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Wilderness Adventures - May, Week Two/2010

This is about a remote area in west central British Columbia, Canada called the West Chilcotin. Surrounded by numerous glacial mountain ranges, alpine lakes teeming with wild Rainbow Trout, and full of wildlife. Living here goes from no running water or electricity to spacious log homes with all the conveniences and without the smog!
If you would like to see pictures of wildlife, mountains, lakes, exciting snowmobiling, events and more, and read some great contributed stories and ongoing blogs, just go into Archives on the lower left side of this page.

Rolling over an image will give you its description.
Check out the Picture of the Day.


19/05/2010 8:03 PM

Mixed Weather Blues

Our fabulous weather has become a little less fabulous lately. While our temperatures have stayed quite warm, we've seen less of the sun with cloud varying from heavy grey to light thunderheads mixed with sun. We've also had gusting wind lately but nothing like what the Lower Mainland has been getting and will get tonight.
There was a thunder and lightning storm warning for the Okanagan yesterday and the central Cariboo saw some of that as well. I guess the power was out up at Fort St. James last night because of a lightning strike.
We're still too chilly for such things but we've had our share of sudden violent rain squalls that don't even cover that much area. On Monday I came home from Nimpo to see that our road was wet and our neighbour said that quite a little rainstorm had passed through while there was nothing at Nimpo. Yesterday I was up there and a major rainstorm driving sideways came through and lasted for some time. I came home to find our road nearly dry and next to nothing for rain had fallen. So 'localized rainstorm' would be an understatement here.
Many nights it doesn't even go below freezing now which is really nice. It's certainly helped to pop the leaf buds out on the aspen. We might actually have full leaf a week or two early this year. It's sure gonna be nice to see some green. Although I shouldn't say much. The lawn needs mowing already. It's really gone to town in the past week with the warmer weather and these little spring rains.
This has to be the absolute best time of year. The bugs haven't come out yet but the temperature is warm. All the birds are cooing and singing to each other. Every night you can listen to the loons laughing all up and down the lake while during the day they cry warnings to each other if a bald eagle is around, or dance threateningly on the water when one pair encroaches on the territory of another.
Two fat ducks have taken to sitting on our dock in the sun, the male bobbing his head in a steady mating ritual. Or maybe he just has an ear infection. :-)
There are grouse galore right now so this must be an up cycle year for them. Everywhere you go you see grouse and most of the time they refuse to move off of the road if you're driving toward them. They're pretty much dumb as posts but they sure are good eating!
It sure is nice to see everything on the move, including the sun, which is setting farther and farther to the north now.
My Mom was cleaning out her office and brought a little something interesting when we met for lunch today. She found a copy of a poem written years ago about one of our more famous and skilled pilots. I don't know where to find the author to ask permission to reprint it here so I'm going to take a chance and hope she doesn't get mad at me.
The author is Judy Bingaman with edits by Swede Gano and the poem is called.... wait for it.... THE BALLAD OF FLAT-ASSED FLOYD. Geez, now that I think of it, I hope he doesn't get mad at me too but it's just too good to not pass on.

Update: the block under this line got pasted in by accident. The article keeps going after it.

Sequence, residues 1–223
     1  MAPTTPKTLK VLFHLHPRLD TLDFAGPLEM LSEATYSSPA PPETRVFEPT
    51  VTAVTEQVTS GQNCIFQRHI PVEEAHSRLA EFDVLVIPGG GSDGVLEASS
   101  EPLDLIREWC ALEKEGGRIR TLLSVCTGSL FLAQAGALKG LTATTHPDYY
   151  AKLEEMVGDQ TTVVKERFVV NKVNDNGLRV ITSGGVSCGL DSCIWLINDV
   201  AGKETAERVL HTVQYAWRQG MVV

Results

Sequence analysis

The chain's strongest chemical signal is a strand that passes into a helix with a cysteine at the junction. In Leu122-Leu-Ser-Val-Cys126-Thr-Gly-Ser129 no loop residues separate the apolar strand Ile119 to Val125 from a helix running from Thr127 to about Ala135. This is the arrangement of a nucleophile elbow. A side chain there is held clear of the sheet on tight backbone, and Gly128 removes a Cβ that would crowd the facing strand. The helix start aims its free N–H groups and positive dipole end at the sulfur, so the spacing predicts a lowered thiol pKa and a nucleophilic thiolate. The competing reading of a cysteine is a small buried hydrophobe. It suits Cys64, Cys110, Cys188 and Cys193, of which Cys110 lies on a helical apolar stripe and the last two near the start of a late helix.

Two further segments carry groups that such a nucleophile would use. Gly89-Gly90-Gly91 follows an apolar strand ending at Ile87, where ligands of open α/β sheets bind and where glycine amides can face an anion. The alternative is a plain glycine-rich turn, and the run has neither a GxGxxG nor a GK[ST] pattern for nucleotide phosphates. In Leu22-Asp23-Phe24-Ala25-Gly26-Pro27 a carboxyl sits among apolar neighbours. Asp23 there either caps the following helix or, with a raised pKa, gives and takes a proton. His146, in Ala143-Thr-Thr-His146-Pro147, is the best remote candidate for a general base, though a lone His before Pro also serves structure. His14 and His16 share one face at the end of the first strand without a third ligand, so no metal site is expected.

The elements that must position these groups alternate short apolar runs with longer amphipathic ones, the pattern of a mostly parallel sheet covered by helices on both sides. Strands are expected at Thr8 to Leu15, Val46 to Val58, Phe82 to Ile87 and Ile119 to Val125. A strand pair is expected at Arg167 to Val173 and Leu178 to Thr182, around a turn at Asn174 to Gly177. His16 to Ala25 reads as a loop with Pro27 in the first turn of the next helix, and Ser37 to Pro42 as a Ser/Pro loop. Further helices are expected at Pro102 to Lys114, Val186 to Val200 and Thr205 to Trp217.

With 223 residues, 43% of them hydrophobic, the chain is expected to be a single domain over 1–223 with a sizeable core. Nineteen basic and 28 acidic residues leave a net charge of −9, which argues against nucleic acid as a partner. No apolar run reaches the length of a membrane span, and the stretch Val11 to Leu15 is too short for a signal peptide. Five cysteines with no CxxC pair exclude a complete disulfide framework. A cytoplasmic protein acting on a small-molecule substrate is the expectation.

At the grey break of dawn with his coffee half gone
gazing into the heavenly void,
in his old cowboy boots not givin' two hoots,
stands the bush pilot we call, Flat-Assed Floyd.
A mashed Stetson sits there where he once had some hair
and his shoulders hunch loose in their sockets.
He stands lank and lean in his faded blue jeans,
his hands are shoved deep in his pockets.
An' I followed his stare, as he gazed in the air
an' I read his mind like a book.
In no man I've seen, has that fly-fever gleamed,
as it does in that bush pilot's look.
Flat-Assed is well known by the folks he has flown
all over this wild, endless land.
He flies hunters and dudes (buzzed sunbathin' nudes),
he knows every cow by its brand.
He flies not by chance, but by the seat of his pants
in the fog and the rain and the snow.
And from the hours spent there on his ass in the air,
comes the name which we've all come to know.
Now, Flat-Ass he has, two loves in his life
which sometimes may cause him great strife;
for the choice between is sometimes real mean
'twixt that airplane and Lora, his wife.
So as he steps to the Beaver
God, how he hates to leave her,
But his mistress is queen for that day,
and as he climbs in the sky and the jackpine whiz by,
he laughs like a boy at his play.
Mountains and lakes - and rivers like snakes,
the critters, the secrets of things;
all are seen by his eye as he drones through the sky,
and the world slips under his wings.
There are missions of life and missions of death,
he flies 'em all with a smirk.
He is steady and cool and nobody's fool;
"Hell," he says, "it's all in the normal day's work.
Oh, the sky will be rent when his life's finally spent,
with the song of his comrades in flight;
for they fly with him too, in the heavenly blue,
though mostly they're just out of sight.
Yes, those angels came bright in my dream last night,
and they told me how they too enjoyed
winging along - saying let us all sing this song,
The Ballad of Flat-Assed Floyd.


Good, eh?
Thank you Judy, wherever you are, and I hope you don't take offense at us all enjoying your terrific sense of humour!
One last thing. I just want to thank some really generous Nimpo people for their donations toward prizes for participants in the annual canoe race.
Bryan and Tabby Reid who donated on behalf of Wilderness Rim Resort and Pioneer Log Homes.
Len from the Nimpo Lake Carwash.
Cathy Simon from Chilcotin's Waterfront Resort & Motel,
and Richard and Leah Simon from the Nimpo Lake General Store.
Thank you!!
Also, a big thank you to those Nimpo folks that helped to organize and track canoeists from checkpoints on this end while they paddled down the Dean. We even roped our new neighbours into helping out since they come equipped with radios. So thanks guys.